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Integrating Sewerage and Heating Systems

[ad#125-right]One of the recent innovations in wastewater is the integration of sewerage treatment and disposal with district heating and energy generation. In the Kootenays, the Regional District of Kootenay Boundary is in the middle of a Liquid Waste Management Plan, much like other communities and regions around the province of BC. At a preliminary stage, the plan describes several options available to the regional district to improve the treatment of sewerage, and capacity of the plant. One concept that hasn’t been discussed in the local example, seems to be gaining ground in the Capital Regional District (CRD) – integration of systems.

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“This is not just a sewage issue anymore”, he said. “It has moved into a system integrated urban design problem.”

The provincial Integrated Resource Management study, released in May, pointed out opportunities for cross integration of systems, such as heating and organic waste.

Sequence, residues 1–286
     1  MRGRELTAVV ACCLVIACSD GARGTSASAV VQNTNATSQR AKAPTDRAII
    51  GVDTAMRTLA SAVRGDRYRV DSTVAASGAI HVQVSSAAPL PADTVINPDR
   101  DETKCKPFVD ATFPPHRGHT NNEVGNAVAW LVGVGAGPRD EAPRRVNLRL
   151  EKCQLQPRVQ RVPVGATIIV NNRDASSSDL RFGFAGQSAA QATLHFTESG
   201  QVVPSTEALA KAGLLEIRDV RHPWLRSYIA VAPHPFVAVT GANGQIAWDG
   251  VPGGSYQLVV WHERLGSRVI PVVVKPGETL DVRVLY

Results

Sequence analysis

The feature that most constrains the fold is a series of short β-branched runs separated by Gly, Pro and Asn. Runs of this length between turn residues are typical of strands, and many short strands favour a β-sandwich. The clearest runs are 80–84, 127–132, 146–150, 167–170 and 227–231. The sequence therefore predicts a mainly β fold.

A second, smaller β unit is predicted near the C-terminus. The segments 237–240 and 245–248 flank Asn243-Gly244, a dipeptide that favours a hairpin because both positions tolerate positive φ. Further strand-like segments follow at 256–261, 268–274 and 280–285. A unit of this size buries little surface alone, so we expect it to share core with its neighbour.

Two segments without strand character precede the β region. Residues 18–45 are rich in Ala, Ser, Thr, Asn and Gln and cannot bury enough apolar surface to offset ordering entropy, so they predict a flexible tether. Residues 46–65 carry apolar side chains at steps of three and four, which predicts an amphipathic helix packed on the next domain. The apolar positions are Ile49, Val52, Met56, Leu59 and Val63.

The concept of integrated systems has only recently been introduced to North America, after years of success in some European countries. From a sustainability perspective, it only makes sense to be seeking symbyotic relationships between infrasrtucture projects.

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Mike Thomas

Mike Thomas P.Eng. ENV SP, is the author of UrbanWorkbench.com and Director of Engineering at the City of Revelstoke in the Interior of British Columbia, Canada. If I post something here that you find helpful as you navigate the world of engineering, planning and building communities, that’s wonderful. But when push comes to shove: This is my personal blog. The views expressed on these pages are mine alone and not those of my employer.

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